Transparency and communication of long-term goals will instil a sense of belonging and ownership in the employee. Making the employee aware of how their learning and development will benefit not only their own career but the aspirations of your business, and will provide them with clear guidelines and focus on their job and how they can contribute. It will also give them a sense of place – how they fit into the business as a whole – and create a sense of pride in their work.

5. When is it needed?

I would suggest that achievement milestones are put into place, agreed between employee and manager. These can reflect the overall aims of your business where appropriate. Monitor progress regularly to encourage and provide direction to the individual, and to show support on their journey.

6. How can progress be measured?

Methods for measuring training and development can be in the form of formal appraisals, informal meetings and open discussions. The method chosen may depend on the goal/s set and the timelines.

For short-term training it may be appropriate to have a 1:1 with the employee at an agreed time (for example, after completion of a training course). For more long-term goals, or where several employees require the same upgrading of knowledge, it might be more beneficial to have an open discussion on progress.

7. Staying ahead.

As part of the employee development journey, establish regular reviews, recording progress and addressing any identified areas of development needed.

Don’t be afraid to change training needs as the requirements of your business develop and expand. Encourage your employee to suggest development needs and aspirations, to give them a sense of investment in their own professional career. Give employees the chance to reflect and discuss what went well, what didn’t, and what changes could be made going forward, to ensure smooth and successful progression.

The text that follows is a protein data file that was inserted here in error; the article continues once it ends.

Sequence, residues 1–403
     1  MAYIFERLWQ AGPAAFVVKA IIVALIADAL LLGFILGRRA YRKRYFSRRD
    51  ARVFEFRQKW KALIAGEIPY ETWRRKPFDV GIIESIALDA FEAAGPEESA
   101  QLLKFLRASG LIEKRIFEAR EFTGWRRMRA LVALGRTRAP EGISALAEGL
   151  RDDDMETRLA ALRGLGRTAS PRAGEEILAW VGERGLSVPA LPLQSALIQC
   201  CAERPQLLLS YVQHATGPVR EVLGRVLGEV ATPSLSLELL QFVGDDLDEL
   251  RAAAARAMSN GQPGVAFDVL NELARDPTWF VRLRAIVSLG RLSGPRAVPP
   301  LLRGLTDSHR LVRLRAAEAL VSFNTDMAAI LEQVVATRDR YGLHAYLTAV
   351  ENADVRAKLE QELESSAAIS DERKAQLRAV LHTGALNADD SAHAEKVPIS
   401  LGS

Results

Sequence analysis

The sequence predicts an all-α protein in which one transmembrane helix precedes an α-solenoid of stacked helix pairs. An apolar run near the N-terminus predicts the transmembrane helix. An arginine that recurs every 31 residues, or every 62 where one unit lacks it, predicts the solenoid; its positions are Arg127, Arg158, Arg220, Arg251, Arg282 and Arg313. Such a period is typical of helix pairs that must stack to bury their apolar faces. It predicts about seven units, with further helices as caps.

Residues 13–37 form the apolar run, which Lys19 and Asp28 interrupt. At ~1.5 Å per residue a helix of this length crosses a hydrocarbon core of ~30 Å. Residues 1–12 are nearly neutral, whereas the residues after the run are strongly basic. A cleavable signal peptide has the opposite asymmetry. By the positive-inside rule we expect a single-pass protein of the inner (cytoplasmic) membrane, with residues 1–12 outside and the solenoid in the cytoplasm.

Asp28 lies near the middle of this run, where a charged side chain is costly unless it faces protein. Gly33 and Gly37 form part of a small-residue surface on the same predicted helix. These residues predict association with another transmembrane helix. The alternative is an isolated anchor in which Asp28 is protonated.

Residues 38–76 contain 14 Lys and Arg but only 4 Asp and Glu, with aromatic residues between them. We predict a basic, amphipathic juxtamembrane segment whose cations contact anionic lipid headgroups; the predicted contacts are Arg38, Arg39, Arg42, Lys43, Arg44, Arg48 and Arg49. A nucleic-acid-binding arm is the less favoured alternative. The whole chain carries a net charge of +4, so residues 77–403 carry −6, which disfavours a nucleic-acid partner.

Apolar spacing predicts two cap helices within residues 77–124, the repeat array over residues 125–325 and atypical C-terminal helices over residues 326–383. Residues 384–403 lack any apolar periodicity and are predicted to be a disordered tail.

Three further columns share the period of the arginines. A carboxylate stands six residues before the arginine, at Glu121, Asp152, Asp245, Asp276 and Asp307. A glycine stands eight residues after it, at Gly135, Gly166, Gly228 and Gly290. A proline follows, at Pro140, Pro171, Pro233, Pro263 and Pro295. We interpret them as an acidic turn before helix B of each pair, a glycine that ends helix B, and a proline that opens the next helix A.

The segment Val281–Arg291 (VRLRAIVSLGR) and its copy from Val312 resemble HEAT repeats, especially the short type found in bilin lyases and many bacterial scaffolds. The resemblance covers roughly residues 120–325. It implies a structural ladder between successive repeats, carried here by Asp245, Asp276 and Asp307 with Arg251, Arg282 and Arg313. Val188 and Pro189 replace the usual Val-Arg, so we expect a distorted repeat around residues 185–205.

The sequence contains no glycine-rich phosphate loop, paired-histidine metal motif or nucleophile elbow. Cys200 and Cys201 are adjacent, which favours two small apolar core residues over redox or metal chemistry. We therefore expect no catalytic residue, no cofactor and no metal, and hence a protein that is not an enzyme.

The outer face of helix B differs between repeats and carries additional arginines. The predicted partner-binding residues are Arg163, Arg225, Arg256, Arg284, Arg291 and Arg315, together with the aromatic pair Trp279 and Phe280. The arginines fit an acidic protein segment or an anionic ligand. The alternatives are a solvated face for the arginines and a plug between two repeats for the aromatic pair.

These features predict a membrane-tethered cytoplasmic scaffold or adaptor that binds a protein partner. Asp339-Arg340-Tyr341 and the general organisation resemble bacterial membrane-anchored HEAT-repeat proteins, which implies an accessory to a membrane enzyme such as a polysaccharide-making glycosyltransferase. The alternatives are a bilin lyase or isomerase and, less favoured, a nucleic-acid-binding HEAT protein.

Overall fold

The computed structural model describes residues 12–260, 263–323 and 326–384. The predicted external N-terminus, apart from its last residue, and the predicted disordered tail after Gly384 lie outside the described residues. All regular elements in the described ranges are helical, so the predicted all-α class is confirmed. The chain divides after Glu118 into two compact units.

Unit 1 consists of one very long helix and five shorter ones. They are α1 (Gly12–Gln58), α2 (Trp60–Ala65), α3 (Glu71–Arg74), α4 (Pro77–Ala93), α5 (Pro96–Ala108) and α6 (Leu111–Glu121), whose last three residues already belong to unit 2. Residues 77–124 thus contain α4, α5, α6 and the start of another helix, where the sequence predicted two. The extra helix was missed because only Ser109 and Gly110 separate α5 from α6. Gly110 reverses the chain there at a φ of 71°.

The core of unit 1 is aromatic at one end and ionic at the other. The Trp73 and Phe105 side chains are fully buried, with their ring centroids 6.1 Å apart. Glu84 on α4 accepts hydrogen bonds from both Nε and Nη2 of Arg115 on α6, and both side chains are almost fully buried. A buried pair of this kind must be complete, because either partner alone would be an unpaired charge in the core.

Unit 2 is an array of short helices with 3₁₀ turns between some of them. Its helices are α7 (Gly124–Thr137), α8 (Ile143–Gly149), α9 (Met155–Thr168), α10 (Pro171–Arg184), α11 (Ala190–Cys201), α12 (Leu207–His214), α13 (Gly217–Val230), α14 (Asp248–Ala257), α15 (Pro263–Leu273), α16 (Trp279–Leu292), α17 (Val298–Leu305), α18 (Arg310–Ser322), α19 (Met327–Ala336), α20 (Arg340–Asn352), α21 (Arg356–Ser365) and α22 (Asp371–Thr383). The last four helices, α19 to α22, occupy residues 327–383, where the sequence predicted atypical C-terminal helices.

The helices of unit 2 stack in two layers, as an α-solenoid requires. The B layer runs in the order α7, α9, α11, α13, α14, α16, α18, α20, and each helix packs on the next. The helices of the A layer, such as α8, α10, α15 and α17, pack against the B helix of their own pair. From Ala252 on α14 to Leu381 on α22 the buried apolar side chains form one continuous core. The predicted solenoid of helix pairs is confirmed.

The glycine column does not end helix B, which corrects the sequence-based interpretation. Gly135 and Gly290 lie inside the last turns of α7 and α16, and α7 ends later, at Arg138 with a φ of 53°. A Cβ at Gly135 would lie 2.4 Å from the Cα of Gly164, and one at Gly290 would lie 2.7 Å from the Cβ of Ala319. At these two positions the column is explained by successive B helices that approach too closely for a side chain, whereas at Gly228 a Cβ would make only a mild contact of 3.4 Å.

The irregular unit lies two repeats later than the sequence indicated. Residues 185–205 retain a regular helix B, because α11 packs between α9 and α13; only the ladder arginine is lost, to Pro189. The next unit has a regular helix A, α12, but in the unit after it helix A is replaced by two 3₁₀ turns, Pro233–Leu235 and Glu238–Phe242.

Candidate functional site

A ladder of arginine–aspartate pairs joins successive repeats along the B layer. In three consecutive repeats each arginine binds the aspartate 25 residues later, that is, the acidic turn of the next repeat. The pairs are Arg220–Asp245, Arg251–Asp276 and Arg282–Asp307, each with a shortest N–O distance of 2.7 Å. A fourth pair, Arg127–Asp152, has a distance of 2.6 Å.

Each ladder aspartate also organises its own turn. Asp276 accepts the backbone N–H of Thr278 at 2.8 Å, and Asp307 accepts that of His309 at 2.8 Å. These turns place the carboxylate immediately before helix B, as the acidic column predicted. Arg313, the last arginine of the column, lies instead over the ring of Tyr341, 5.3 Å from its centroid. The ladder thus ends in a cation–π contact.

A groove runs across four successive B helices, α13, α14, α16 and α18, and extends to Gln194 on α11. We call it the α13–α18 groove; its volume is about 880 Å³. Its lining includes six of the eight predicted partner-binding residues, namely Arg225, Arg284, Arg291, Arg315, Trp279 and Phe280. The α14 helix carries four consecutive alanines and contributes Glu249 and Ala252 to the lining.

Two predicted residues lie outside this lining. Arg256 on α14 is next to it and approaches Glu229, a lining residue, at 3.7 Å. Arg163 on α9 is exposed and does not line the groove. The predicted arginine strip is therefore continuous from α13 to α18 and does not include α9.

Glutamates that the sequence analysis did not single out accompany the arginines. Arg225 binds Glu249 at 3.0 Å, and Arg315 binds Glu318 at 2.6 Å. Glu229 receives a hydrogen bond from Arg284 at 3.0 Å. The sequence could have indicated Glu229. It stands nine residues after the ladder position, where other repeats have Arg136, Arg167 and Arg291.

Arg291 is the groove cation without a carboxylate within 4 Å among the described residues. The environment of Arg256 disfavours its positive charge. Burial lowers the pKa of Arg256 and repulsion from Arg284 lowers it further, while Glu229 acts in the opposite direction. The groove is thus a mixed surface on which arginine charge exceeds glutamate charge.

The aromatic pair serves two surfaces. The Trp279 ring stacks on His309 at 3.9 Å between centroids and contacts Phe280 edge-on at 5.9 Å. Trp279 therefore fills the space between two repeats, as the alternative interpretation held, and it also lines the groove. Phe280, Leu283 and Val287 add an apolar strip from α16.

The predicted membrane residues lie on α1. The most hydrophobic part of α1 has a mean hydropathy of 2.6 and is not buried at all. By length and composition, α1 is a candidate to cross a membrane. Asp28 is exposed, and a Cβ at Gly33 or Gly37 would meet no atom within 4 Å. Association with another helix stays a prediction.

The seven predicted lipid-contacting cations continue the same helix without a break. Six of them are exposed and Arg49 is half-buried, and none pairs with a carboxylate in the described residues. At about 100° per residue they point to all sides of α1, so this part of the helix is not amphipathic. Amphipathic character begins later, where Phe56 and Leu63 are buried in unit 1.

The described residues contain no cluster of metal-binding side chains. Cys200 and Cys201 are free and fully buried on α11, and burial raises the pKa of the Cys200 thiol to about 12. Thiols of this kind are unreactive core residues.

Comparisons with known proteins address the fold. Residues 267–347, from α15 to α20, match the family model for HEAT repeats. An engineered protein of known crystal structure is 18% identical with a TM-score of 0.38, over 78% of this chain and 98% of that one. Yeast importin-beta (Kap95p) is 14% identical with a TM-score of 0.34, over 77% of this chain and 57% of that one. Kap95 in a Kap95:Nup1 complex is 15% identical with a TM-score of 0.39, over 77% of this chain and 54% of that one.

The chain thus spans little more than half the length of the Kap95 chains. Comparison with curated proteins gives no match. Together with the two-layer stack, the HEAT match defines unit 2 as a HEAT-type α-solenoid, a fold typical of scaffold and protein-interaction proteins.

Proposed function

In short, an EDP can be viewed as a training opportunity that takes place as part of an individual’s daily job. It is a working document that charts progress, addresses needs and moves in line with individual and practice progression. The long-term benefits include employee satisfaction and sense of involvement, and employer commitment and satisfaction in having a skilled, up to date workforce, who are committed to your business and are future-proofed.

About Clayton Recruitment

Clayton Recruitment has been partnering with organisations across the country since 1989, and during that time has built up an excellent reputation for trust and reliability.

With specialist divisions covering Commercial, Financial, and Engineering appointments, on a permanent basis.

Whether you are looking for your next career move, or your next hire as a business owner of HR professional – we can help. Call us on 01772 259 121.

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The War for Talent: Tips on How to Succeed in a Candidate Drought

  • July 21, 2022

The job market in 2020 was undeniably challenging with across-the-board hiring freezes, redundancies, and re-structures that hit many professional sectors; marketing, sales, and finance being no exception. And, whilst much has been documented about the inferred bounce-back this year the arguably still-present backdrop of the global pandemic, and ongoing economic pressure, it’s clear that it’s not plain sailing just yet for those in the hiring seat.

The general UK labour market in hiring terms is certainly buoyant as we near the second half of 2022 following a real step-change in vacancies advertised from February last year when volumes far surpassed the hiring activity of 2019. Yet, the wide range of choice for Candidates – real golden opportunities across all many sectors – is coupled with market uncertainty and jobseekers that are still relatively cautious about a move in the current climate. Whilst this competitive landscape certainly creates strategic organisational challenges, there are steps that businesses can take to ensure they tap into active and passive talent pools and focus firmly on their retention strategies to ensure their existing talent is not being lost to competitors.

Don’t discount the cost of employee retention